W.C. Fields and Co. in “Six of a Kind”

Six of a Kind (1934), directed by Leo McCarey, captures a pivotal moment in W.C. Fields‘ career; the moment just before he became a star of his own feature-length talkies. In Six of a Kind and previous Paramount sound films, he was merely a member of a comic ensemble, despite having been at the center of silents and sound shorts in the past. But then and now, the part of Six of a Kind everyone remembers is Fields’ role — despite the fact that of the titular six, his is one of the smaller parts. In the film, Charlie Ruggles plays a mild mannered bank employee who is planning a second honeymoon with his bossy wife (Mary Boland). To save expenses on their corss-country motorcar trip, the wife advertises for passengers — who turn out to be George Burns, Gracie Allen and a Great Dane. The bulk of the film concerns the misadventures of this quartet and their canine antagonist. Only towards the end do they stop off in a western town where they encounter a Sheriff named “Honest John” (Fields) and his lady consort, an innkeep (Alison Skipworth, with whom he is paired here for the third and final time).

s-l300

The part of the film everyone remembers is the resurrection of Fields’ pool routine, where he does everything but hit a ball while he attempts to tell an onlooker, through a long and winding story, how he came to be called “Honest John”. Along the way, there is some scintilla of a plot involving a suitcase of stolen money, but one scarcely notices that amongst all the fol de rol. It’s just an excuse to wrap the picture up with a little bang-bang, shoot-shoot, and just in the nick of time, at just over an hour’s running time.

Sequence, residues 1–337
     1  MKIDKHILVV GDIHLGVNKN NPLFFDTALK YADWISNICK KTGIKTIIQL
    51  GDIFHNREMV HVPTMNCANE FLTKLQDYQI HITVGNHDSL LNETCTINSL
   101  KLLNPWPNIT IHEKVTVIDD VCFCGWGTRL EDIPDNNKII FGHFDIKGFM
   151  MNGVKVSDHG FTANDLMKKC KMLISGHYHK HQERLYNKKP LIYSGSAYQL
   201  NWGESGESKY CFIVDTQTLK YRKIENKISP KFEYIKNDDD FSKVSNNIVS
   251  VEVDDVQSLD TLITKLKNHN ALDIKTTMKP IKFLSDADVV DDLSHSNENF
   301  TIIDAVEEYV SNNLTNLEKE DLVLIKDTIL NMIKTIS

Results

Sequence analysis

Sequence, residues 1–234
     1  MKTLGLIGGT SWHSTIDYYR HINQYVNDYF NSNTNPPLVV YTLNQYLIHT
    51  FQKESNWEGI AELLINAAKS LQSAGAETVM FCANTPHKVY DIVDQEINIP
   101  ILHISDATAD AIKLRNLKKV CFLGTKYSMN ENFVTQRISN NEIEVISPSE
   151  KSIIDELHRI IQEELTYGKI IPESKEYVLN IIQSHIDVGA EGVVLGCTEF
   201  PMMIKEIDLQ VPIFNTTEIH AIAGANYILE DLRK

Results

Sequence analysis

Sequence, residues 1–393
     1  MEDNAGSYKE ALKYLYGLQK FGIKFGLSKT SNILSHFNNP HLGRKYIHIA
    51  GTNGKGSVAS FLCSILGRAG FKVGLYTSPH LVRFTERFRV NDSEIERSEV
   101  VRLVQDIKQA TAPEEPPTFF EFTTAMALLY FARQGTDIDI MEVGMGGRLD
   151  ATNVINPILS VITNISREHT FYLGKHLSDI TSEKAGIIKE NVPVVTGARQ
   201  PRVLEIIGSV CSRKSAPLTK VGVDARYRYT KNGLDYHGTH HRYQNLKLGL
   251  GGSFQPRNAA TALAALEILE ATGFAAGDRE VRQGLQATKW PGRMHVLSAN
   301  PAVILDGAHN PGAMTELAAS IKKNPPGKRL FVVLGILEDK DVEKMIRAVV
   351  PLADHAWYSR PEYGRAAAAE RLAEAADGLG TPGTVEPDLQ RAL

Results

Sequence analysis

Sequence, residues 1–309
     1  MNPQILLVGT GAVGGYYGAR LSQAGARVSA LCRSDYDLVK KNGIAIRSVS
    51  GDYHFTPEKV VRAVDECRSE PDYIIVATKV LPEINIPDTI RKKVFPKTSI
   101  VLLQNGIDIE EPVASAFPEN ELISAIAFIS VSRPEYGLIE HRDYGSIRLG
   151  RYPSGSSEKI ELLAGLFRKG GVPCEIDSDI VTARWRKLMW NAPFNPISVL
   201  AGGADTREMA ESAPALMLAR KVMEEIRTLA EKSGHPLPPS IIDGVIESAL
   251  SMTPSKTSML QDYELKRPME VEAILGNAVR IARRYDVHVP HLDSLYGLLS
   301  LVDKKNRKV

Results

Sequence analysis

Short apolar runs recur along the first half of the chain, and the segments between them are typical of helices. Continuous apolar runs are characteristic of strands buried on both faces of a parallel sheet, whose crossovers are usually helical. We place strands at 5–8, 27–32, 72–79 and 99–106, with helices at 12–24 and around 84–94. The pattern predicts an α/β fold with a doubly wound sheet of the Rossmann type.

Leave a Reply

Please log in using one of these methods to post your comment:

WordPress.com Logo

You are commenting using your WordPress.com account. Log Out /  Change )

Google photo

You are commenting using your Google account. Log Out /  Change )

Twitter picture

You are commenting using your Twitter account. Log Out /  Change )

Facebook photo

You are commenting using your Facebook account. Log Out /  Change )

Connecting to %s

This site uses Akismet to reduce spam. Learn how your comment data is processed.